Mimisbrunnur

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Mimisbrunnur

In Norse mythology, Mímisbrunnr (Old Norse “Mímir‘s well”[1]) is a well associated with the being Mímir, located beneath the world tree Yggdrasil. Mímisbrunnr is attested in the Poetic Edda, compiled in the 13th century from earlier traditional sources, and the Prose Edda, written in the 13th century by Snorri Sturluson. The well is located beneath one of three roots of the world tree Yggdrasil, a root that passes into the land of the frost jötnar where the primordial plane of Ginnungagaponce existed. In addition, the Prose Edda relates that the water of the well contains much wisdom, and that Odin sacrificed one of his eyes to the well in exchange for a drink.

For Once, Then, Something by Robert Frost

Others taunt me with having knelt at well-curbs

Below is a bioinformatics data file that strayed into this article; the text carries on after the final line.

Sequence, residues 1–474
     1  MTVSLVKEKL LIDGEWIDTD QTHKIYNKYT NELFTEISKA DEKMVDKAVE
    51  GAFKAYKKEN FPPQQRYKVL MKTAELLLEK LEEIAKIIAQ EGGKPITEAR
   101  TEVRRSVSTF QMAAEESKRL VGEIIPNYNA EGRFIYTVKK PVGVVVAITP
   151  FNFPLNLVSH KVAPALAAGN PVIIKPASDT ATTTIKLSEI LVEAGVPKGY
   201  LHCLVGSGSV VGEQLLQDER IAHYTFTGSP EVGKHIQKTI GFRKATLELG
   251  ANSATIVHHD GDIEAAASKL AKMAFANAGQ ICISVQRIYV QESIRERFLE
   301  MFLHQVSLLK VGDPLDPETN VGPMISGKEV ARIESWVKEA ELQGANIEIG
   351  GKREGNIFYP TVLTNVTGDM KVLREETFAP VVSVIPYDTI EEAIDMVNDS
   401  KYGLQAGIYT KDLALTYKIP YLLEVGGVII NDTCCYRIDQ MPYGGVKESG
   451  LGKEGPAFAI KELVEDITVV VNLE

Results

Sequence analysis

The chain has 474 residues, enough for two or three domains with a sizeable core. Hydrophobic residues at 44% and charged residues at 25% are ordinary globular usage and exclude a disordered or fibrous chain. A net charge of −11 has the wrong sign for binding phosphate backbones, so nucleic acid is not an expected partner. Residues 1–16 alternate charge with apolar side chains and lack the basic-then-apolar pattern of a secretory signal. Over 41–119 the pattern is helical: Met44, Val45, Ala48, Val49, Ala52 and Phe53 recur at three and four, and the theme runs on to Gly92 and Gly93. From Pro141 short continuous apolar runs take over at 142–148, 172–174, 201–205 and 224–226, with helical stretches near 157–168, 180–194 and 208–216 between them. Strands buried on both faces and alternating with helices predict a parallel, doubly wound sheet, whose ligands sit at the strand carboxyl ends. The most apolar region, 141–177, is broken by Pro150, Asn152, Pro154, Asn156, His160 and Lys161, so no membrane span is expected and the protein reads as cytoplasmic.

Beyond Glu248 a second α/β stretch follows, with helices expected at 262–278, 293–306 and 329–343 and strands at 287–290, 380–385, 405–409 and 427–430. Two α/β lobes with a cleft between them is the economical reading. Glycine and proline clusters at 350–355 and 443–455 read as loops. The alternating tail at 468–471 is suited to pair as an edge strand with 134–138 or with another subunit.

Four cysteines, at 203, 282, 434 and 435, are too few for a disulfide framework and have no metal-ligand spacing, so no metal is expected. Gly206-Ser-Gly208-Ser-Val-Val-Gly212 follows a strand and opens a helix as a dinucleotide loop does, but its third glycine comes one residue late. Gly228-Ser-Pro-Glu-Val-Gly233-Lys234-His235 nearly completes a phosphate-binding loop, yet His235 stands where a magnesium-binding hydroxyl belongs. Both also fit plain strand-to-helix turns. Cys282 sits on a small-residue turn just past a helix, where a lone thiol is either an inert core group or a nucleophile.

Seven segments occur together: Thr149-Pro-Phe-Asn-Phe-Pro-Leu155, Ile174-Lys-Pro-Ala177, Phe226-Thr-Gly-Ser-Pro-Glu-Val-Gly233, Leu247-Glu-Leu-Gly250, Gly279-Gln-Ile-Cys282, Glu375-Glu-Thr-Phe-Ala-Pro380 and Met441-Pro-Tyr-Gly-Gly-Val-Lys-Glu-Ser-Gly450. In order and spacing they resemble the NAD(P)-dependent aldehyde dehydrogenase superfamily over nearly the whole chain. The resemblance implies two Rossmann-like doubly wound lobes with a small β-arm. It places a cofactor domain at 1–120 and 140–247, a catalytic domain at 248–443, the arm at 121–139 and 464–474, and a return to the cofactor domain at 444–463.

Always wrong to the light, so never seeing
Deeper down in the well than where the water
Gives me back in a shining surface picture
Me myself in the summer heaven godlike
Looking out of a wreath of fern and cloud puffs.
Once, when trying with chin against a well-curb,
I discerned, as I thought, beyond the picture,
Through the picture, a something white, uncertain,
Something more of the depths—and then I lost it.
Water came to rebuke the too clear water.
One drop fell from a fern, and lo, a ripple
Shook whatever it was lay there at bottom,
Blurred it, blotted it out. What was that whiteness?
Truth? A pebble of quartz? For once, then, something.